Well, that’s me for now. I’m going to get back to it. Hmm…How do I end this post…why not with a question?

If you could change one thing about the world today, what would it be? And don’t feel like you have to choose a nice, save the world, type of option. Just go nuts if you like.

 

Bye

 

 

One finishes and another begins.

Hello

After my lovely trip to Krakow and a few days more off work, which included a daft amount of drinks followed by a revolting hangover, I knew I had to get back into the swing of things.

Before going on holiday I was drawing ever closer to the end of the story I started whilst taking part in NaNoWriMo. I realised as I started to write again that the story was even closer than I thought to being finished. And then, as if by magic, it had finished. I suddenly realised that I was at the end of my story. It’s like it crept up on me whilst I was writing.

I had many ideas about how to end the story but all of them didn’t seem to work as I got to the last few lines of the book. I considered having it carry on after the hero’s had won the day but I ended up just finishing it with one line. After weeks of wondering how I was going to actually end my story, I settled on just one line of dialogue. If I can give out any advice about writing, and if anyone would listen, it would be this.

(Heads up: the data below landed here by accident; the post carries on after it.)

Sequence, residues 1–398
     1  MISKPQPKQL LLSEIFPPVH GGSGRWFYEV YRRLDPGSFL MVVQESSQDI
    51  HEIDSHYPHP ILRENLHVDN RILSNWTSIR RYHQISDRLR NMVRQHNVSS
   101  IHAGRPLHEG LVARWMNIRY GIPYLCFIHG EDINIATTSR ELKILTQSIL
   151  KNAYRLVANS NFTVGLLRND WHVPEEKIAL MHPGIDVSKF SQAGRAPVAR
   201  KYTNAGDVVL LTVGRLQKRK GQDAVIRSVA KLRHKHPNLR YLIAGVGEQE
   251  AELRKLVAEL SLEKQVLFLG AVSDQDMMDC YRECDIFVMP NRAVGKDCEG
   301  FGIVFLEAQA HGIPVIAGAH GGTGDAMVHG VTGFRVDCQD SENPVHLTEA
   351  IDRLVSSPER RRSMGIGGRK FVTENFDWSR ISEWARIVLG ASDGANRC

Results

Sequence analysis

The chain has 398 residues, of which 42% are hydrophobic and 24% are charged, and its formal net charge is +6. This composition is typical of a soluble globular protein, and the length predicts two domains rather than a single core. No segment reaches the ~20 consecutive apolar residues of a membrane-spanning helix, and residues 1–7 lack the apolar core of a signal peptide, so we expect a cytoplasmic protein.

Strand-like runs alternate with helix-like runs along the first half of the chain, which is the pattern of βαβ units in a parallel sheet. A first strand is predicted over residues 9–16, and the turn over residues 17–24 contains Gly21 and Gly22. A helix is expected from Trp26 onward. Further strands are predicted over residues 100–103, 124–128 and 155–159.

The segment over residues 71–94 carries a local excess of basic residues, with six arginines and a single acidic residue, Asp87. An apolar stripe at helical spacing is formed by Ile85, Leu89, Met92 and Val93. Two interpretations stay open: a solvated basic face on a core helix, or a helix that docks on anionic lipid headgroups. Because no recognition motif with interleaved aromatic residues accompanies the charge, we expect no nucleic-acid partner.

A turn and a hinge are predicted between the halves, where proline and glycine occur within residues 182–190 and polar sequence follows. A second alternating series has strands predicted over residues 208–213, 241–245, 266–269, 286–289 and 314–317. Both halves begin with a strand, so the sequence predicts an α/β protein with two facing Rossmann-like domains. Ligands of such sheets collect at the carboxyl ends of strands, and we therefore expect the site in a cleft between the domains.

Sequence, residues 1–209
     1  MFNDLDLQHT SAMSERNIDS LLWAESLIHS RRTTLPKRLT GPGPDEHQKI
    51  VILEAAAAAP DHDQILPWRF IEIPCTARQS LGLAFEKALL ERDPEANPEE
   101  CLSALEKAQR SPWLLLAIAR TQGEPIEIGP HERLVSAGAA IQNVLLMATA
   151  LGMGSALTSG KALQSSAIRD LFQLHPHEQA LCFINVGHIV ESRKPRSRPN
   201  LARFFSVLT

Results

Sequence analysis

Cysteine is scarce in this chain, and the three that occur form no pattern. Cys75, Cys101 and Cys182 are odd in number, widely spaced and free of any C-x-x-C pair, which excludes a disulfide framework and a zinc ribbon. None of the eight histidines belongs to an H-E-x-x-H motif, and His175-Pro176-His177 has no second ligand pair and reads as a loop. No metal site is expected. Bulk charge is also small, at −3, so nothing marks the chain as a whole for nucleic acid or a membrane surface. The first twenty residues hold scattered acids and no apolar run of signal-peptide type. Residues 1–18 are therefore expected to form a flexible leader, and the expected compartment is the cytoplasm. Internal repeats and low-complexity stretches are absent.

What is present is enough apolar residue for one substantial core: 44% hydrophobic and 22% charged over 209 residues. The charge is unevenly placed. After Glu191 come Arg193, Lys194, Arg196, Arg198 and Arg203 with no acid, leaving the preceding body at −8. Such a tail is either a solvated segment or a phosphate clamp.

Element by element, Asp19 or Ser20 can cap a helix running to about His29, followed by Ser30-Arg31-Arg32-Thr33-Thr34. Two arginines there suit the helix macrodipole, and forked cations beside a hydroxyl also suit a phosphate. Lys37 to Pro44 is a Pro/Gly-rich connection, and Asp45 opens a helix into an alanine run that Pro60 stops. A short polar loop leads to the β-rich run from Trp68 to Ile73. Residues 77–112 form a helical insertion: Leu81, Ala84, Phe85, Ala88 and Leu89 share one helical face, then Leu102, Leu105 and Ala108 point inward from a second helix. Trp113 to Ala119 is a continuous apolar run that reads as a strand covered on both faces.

Trust your instincts.

After doing so and finishing my third full story since I started to write any kind of stories, I decided to edit one of the others I completed. It was a story about a small, self-sufficient town that lived in the shadow of a dense and dark forest. This forest was populated by monstrous bugbears that could attack them at any time. To stop this from happening, five hunters have been given the task to hunt and protect to town. It was a story born out of frustration as another story I had intended to be small had grown and needed more work. I just wanted to finish a story so I could go back to it and edit the thing later and iron out the creases. My very first blog post has as its subject this very story entitled ‘The Town of the Mountain.’

Anyway, the first draft has been done and I’ve started to edit it. Its looks like it will take a long time as after only the first chapter I’ve removed one big paragraph and trimmed down a lot of the others. Though I have to say I do enjoy it.